• Focusing on green criteria early in the procurement process improves an organization's environmental performance, while addressing ethics, social regeneration and economic concerns
  • 15. Cost continued…
    • If environmental impacts are addressed as early as possible, overall costs likely will be lower than pollution abatement later on
    • Downstream corrections are more costly in terms of many resources, including dollars, labor, technical complexity, as well as adverse publicity
    • Rule of thumb: when a problem goes unchecked, it will cost roughly 10 times more to fix later on
  • 16. How Do You Know If An Item Is Green?
  • 17. Helpful Advice: Third party certifications
    • Leadership for Energy and Environmental Design (LEED)
    • Green Seal Certification
    • EPEAT – electronics
    • Forest Stewardship Council
    • And so many more!
  • 18. Green Purchase Criteria (per LEED):
    • contains recycled content
    • salvaged material
    • rapidly renewable materials
    • materials harvested and extracted from within 500 miles
    • Forest Stewardship Council-certified wood
  • 19. City of Santa Barbara’s Going Green
    • Infrastructure-wide push for green within City organization
    • Initiative includes energy policy, LEED-certification, water-bottle ban, purchasing policy
    • In order to certify buildings LEED- Existing Buildings Operations & Maintenance, must have purchasing policy in place (main motivator to establish policy)
  • 20. Where Did We Start From?
    • All purchases purely cost-based. Lowest bid won contract
    • Some departments were trying to buy green, but on their own initiative
    • City Council began pushing to be green in all areas of City organization
  • 21. Purchasing Policy Process
    • Several drafts of purchasing policies circulated for a few years, before one was accepted by City Council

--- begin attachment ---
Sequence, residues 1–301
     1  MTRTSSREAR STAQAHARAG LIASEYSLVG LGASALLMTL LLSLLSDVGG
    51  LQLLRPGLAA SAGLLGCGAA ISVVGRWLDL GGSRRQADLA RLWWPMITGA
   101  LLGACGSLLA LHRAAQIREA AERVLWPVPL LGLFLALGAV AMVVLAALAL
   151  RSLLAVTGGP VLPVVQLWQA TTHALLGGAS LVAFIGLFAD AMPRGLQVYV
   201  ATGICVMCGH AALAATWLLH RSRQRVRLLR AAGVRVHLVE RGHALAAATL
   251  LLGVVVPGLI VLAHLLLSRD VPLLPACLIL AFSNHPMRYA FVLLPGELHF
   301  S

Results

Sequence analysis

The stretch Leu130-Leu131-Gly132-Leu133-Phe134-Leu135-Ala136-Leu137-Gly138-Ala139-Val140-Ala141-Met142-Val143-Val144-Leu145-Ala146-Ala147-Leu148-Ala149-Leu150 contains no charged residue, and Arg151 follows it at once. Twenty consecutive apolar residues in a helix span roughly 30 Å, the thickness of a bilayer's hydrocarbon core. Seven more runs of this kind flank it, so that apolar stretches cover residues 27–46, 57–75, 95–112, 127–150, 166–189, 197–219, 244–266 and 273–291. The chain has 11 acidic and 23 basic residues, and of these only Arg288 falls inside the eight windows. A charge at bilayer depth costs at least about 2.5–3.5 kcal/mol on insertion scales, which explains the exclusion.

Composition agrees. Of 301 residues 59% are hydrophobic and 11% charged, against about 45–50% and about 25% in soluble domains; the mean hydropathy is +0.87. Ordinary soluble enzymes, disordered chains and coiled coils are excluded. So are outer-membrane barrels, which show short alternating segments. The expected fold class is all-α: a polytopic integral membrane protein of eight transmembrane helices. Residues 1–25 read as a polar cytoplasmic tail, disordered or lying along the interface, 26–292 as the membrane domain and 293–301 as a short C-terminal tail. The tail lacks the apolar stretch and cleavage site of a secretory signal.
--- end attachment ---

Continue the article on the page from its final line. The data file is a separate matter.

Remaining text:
• The City’s Green Team weighed in on the policy to ensure that it would be practical for each department
    • In December 2008, the Environmentally Preferable Purchasing Policy was adopted by City Council
  • 22. After the Process, the Prize
    • The policy and the procedure were divided into two documents
    • Policy: outlines the rules
    • i.e., when a green alternative has to be considered
    • Procedure: outlines the actions
    • i.e., who is responsible for reporting on green purchasing and justifications for non-green items
  • 23. Success?
    • The policy was drafted with many purposeful loopholes
    • Few employees familiar with the policy, it is not advertised
    • There are no repercussions for not following the policy
    • Hard economy, people worried about green items being more expensive
  • 24. The Biggest Issues?
    • Accountability – who’s making sure we’re buying green?
    • How do we know which items ARE green?
    • Myth busting
    • Making green the only option
  • 25. What the Future Holds…
    • Goal: to make green standard, not special
    • Drive the market; greater demand for green products = cheaper, better designed selections
  • 26. Questions?